CVM Professors Receive Excellence
in Education Awards
|Drs. Chris Baines and Rebecca Johnson
Among the 10 recipients of MU’s Excellence in Education Awards for 2014 were two College of Veterinary Medicine faculty members, Drs. Chris Baines and Rebecca Johnson. Baines is an assistant professor of biomedical sciences at the college and an investigator at the Dalton Cardiovascular Research Center. Johnson is a professor at the college, director of the Research Center for Human-Animal Interaction, and the Millsap Professor of Gerontological Nursing in the Sinclair School of Nursing.
Co-sponsored by the Division of Student Affairs and the MU Parents Leadership Council, the award recognizes faculty members, advisers and academic administrators who have made significant contributions to the out-of-class learning experiences of MU students and who have demonstrated a long-standing commitment to student learning and personal development.
“These individuals have created an environment where the students take the knowledge and skills that they’ve learned in the classroom and apply them outside the classroom,” said Interim Provost Ken Dean at the April 29 awards ceremony. “They are role models, they are mentors, and they often lend a willing ear when they need to.”
Thanks to this faculty support, “we know that when our students leave here they are going to be successful,” said Vice Chancellor for Student Affairs Cathy Scroggs.
Baines earned his bachelor’s degree in pharmacology from the University of Bath in Avon, Great Britain, and his PhD in basic medical sciences at the University of South Alabama in Mobile. He came to MU in 2008.
“I am genuinely honored, flattered and humbled that folks thought I was worthy to be even considered for nomination,” Baines said. “I could not do any of this without the unbelievable mentors and role models I have here at the College of Veterinary of Medicine. They have taken the time to teach me and have given me the opportunities to be a greater part of our students’ education.”
In addition to his role as course director for Veterinary Cell and Molecular Biology, Baines is involved in activities outside of the classroom. He is co-director and a mentor for the Veterinary Research Scholar Program, which allows students to explore different facets of biomedical research to expose them to potential career choices they may not have considered. He also participates in the Veterinary Enrichment and Teambuilding orientation program, a three-day, overnight teambuilding event for incoming first-year veterinary students.
“I’m proud to be part of the VET orientation program as this provides the incoming students the opportunity to team build, to learn to tackle and overcome problems together, and to learn how to communicate better with their peers,” Baines said. “These are all things that will aid the students not just through school but also through their entire veterinary careers.”
Dr. Doug Bowles, professor of biomedical sciences, nominated Baines. He said his rapport with students is enviable.
“In the classroom, Chris is an outstanding teacher who presents course material in a clear and concise manner and generates enthusiasm for the subjects covered,” Bowles wrote. “His rapport with the students, despite the complexity of the subject material he covers, is a testament to his ability as an effective instructor.”
Johnson earned her bachelor’s degree in nursing from the University of Dubuque in Iowa, her MPhil from the University of Edinburgh in Scotland, and her PhD from the University of Iowa in 1992. She joined the MU Sinclair School of Nursing in August 1999 as the Millsap Professor of Gerontological Nursing and Public Policy and shortly thereafter was given a joint appointment in the College of Veterinary Medicine for her research on human and companion-animal interaction.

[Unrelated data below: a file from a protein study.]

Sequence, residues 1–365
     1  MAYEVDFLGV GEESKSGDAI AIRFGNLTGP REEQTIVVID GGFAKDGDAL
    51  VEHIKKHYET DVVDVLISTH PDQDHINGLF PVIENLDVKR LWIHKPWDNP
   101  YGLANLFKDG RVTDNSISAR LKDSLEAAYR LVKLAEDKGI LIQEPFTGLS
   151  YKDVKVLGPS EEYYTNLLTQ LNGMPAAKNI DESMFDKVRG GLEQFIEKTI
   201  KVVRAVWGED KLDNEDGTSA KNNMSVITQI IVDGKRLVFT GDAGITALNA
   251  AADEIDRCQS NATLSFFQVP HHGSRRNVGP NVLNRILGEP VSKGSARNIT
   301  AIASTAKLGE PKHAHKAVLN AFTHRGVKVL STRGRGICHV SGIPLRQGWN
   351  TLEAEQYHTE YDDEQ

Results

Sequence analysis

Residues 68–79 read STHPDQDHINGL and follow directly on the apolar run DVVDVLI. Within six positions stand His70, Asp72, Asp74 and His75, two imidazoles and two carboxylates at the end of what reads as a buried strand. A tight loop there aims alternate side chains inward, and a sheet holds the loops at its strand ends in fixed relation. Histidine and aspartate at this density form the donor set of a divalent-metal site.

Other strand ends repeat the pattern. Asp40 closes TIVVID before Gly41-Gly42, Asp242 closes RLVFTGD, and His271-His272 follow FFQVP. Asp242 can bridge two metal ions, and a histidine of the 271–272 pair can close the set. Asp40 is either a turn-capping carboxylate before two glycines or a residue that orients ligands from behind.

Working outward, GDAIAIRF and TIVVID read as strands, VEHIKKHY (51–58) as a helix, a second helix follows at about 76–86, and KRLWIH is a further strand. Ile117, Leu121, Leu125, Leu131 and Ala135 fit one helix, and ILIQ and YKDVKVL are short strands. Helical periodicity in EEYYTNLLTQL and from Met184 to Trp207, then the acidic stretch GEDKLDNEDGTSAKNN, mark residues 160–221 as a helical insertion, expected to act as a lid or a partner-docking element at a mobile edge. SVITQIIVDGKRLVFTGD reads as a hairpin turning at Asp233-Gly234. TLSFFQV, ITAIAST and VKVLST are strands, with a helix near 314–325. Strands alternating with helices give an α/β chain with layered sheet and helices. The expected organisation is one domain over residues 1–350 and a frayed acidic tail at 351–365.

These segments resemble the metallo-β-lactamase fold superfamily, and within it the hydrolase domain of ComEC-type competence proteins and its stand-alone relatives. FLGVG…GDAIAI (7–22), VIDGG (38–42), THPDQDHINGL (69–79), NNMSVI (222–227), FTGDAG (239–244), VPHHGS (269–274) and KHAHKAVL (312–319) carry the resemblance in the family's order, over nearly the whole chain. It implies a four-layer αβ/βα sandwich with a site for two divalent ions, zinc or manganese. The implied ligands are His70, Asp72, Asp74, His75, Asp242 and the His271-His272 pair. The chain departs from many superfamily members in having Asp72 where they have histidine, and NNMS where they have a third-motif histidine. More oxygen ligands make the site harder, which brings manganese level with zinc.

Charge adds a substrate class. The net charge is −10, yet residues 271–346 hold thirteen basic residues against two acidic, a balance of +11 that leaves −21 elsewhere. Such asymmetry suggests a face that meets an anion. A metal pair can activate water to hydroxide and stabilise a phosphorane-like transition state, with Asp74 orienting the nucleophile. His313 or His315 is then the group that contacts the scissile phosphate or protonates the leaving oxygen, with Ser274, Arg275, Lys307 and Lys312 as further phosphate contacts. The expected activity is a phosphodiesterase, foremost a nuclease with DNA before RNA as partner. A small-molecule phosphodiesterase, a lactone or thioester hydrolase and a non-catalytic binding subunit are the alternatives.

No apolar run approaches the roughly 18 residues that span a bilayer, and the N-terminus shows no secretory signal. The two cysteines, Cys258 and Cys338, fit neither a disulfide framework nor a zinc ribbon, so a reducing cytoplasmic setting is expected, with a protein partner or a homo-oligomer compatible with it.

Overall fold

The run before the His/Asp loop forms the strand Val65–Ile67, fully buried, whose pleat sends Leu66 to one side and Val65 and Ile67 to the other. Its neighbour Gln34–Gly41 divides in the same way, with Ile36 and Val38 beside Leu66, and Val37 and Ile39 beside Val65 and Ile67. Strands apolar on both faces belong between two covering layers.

Johnson established the Research Center for Human-Animal Interaction (ReCHAI) in 2005. The center’s research has demonstrated that human-animal interaction benefits both people and companion animals by enhancing their physical and emotional well-being. Projects studying these benefits have included an animal visitation program for older adults and a program that helps military veterans fight post-traumatic stress disorder symptoms by training shelter dogs. Johnson is president of the International Association of Human-Animal Interaction Organizations.
Johnson teaches Human-Companion Animal Interaction, a class that requires each student to participate in a minimum of 20 hours in a service-learning project. Students select a project from different human-animal interaction organizations, including ReCHAI. In addition, she offers opportunities outside of the classroom for undergraduate and graduate students to engage in projects at ReCHAI.
“Working with students outside of the classroom is highly rewarding and also greatly enhances the work of our team at the Research Center for Human-Animal Interaction,” she said. “Our work is entirely based in the community, so it must involve students outside of the classroom. Students engage in our work enthusiastically and bring diverse insights and skills, which make them delightful to work with. They also make significant contributions to our work.”
In her nomination of Johnson, Dr. Gretchen Carlisle, a postdoctoral fellow at ReCHAI, said interactions with Johnson help students realize their full potential.
“Students who work or come into contact with Dr. Johnson learn much more than content lessons, they learn life lessons,” she said. “She has very high expectations of her students, and they respond with enthusiasm and gratitude.”
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